Chapter

Life During Wartime

Michael Gardiner

in From Trocchi to Trainspotting

Published by Edinburgh University Press

Published in print July 2006 | ISBN: 9780748622320
Published online March 2012 | e-ISBN: 9780748653393 | DOI: http://dx.doi.org/10.3366/edinburgh/9780748622320.003.0019
Life During Wartime

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This chapter looks at Ian Hamilton Finlay, a figure who can't be excluded from any discussion of how post-Enlightenment thought puts violence and reason back together, apparently separated out in glorious modernity, demonstrating how the tenets of Enlightenment mean that the Scots are still living through cruelty. It notes that Finlay is the only Scottish poet discussed in what is probably the classic explication of American late-modern/early postmodern poetics, Perloff's Radical Artifice. It further notes that this postmodernism, which, as in Morgan, reasserts form sui generis far more than did the final Olsonian phase of modernism, leans on native contexts: Perloff and other American critics have been insightful in arguments asserting the ‘provinciality’ of modernism (as in William Carlos Williams), which are probably most familiar to Scots through Robert Crawford.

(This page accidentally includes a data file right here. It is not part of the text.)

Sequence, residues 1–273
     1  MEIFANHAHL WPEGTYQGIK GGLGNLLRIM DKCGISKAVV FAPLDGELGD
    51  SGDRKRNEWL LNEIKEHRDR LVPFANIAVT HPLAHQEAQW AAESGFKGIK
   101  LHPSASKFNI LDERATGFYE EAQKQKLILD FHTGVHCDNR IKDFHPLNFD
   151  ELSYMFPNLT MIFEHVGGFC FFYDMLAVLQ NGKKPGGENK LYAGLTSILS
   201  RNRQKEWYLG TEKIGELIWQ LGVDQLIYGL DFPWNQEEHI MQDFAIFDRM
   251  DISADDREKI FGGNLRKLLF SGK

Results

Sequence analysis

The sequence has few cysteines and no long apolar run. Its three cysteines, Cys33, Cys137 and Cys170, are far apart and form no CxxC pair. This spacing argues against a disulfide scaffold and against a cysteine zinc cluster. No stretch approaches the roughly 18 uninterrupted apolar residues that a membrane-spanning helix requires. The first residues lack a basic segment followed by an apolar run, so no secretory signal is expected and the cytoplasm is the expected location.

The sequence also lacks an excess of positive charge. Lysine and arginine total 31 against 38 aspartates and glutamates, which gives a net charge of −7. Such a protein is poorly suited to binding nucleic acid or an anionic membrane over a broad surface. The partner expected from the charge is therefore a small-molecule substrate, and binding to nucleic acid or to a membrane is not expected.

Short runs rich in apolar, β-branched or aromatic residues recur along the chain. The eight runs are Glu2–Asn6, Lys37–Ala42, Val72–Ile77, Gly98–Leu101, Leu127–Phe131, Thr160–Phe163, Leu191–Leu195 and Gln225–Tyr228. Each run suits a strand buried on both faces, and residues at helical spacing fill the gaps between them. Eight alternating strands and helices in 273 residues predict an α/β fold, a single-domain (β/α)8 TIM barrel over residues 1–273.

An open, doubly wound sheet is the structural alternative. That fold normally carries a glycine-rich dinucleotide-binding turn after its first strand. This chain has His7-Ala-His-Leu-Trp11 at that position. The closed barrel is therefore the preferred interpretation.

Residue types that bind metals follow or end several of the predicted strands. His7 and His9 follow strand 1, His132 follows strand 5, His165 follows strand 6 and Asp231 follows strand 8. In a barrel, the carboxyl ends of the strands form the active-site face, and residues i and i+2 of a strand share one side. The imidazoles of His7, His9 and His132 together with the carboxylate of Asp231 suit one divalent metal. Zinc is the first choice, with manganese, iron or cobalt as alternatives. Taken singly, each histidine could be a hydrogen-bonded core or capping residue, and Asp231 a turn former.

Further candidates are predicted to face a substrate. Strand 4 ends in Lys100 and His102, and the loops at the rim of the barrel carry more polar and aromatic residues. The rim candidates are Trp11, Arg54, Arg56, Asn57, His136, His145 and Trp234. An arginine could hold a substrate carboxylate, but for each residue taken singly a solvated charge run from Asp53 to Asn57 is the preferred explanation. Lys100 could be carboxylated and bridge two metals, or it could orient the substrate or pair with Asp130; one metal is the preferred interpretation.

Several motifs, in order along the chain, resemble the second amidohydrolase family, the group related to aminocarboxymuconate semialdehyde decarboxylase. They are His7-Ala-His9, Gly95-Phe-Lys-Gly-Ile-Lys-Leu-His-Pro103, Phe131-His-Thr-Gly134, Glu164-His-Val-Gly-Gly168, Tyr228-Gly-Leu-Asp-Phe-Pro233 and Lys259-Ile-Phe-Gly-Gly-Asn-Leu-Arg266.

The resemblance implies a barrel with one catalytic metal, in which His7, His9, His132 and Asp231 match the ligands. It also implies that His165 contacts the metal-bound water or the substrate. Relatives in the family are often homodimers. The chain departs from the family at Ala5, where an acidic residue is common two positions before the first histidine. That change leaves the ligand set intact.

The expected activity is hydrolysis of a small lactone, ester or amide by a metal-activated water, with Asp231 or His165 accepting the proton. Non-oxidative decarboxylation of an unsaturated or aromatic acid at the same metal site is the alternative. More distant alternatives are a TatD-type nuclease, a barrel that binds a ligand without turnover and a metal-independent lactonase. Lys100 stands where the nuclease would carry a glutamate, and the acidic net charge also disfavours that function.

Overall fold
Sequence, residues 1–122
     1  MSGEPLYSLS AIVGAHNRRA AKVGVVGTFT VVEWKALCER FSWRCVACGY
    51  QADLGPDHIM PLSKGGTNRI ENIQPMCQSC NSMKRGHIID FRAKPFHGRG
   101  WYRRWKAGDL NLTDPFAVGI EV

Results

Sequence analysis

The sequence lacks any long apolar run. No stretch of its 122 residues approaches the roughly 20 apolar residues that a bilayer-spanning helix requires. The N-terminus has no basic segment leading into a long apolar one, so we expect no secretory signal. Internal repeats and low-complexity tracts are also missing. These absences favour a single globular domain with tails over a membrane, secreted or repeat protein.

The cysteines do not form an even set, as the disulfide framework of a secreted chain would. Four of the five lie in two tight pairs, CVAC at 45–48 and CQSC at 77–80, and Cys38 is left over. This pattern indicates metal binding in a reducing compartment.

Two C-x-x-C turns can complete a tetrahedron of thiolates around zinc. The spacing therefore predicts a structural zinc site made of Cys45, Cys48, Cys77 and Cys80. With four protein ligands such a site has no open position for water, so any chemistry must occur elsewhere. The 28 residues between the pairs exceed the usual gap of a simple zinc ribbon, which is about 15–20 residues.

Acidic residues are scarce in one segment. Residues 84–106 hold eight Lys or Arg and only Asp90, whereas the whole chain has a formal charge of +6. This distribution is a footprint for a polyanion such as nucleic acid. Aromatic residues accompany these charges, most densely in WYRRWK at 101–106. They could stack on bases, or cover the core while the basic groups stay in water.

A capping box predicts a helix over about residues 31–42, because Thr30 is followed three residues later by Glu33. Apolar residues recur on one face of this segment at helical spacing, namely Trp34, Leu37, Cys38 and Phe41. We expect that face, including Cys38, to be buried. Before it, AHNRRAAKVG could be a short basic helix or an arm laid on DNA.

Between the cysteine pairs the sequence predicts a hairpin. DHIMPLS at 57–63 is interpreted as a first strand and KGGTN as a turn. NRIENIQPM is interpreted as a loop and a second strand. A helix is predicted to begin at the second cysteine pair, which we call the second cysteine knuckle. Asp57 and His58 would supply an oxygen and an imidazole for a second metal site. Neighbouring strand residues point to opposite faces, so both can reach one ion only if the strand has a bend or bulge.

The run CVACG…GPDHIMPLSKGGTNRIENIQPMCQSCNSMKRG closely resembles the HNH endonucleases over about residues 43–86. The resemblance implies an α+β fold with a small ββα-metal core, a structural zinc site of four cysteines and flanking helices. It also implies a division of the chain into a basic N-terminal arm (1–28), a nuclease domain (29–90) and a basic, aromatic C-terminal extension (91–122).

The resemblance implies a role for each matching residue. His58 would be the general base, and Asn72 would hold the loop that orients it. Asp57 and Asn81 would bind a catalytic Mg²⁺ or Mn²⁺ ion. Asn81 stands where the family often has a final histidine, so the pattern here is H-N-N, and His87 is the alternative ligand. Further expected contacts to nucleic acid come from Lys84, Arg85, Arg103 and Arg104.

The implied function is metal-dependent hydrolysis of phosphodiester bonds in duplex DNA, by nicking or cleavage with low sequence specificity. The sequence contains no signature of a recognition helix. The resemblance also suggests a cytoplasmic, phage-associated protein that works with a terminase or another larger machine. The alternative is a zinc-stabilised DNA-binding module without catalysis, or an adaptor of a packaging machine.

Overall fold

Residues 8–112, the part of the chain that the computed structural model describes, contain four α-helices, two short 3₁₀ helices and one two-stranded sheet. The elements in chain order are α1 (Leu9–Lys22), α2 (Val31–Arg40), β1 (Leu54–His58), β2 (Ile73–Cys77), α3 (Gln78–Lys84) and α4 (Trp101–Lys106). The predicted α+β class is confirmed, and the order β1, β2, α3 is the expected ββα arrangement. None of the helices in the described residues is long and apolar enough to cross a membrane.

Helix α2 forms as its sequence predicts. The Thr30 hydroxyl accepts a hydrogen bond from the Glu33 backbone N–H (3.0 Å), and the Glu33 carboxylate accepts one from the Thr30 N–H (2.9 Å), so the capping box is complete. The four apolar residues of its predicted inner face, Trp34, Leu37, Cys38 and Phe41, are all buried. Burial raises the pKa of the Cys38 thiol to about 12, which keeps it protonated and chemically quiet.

Keywords: Ian Hamilton Finlay; post-Enlightenment; Scots; Radical Artifice; postmodernism; modernism; Robert Crawford

Chapter.  8738 words. 

Subjects: Regional and Area Studies

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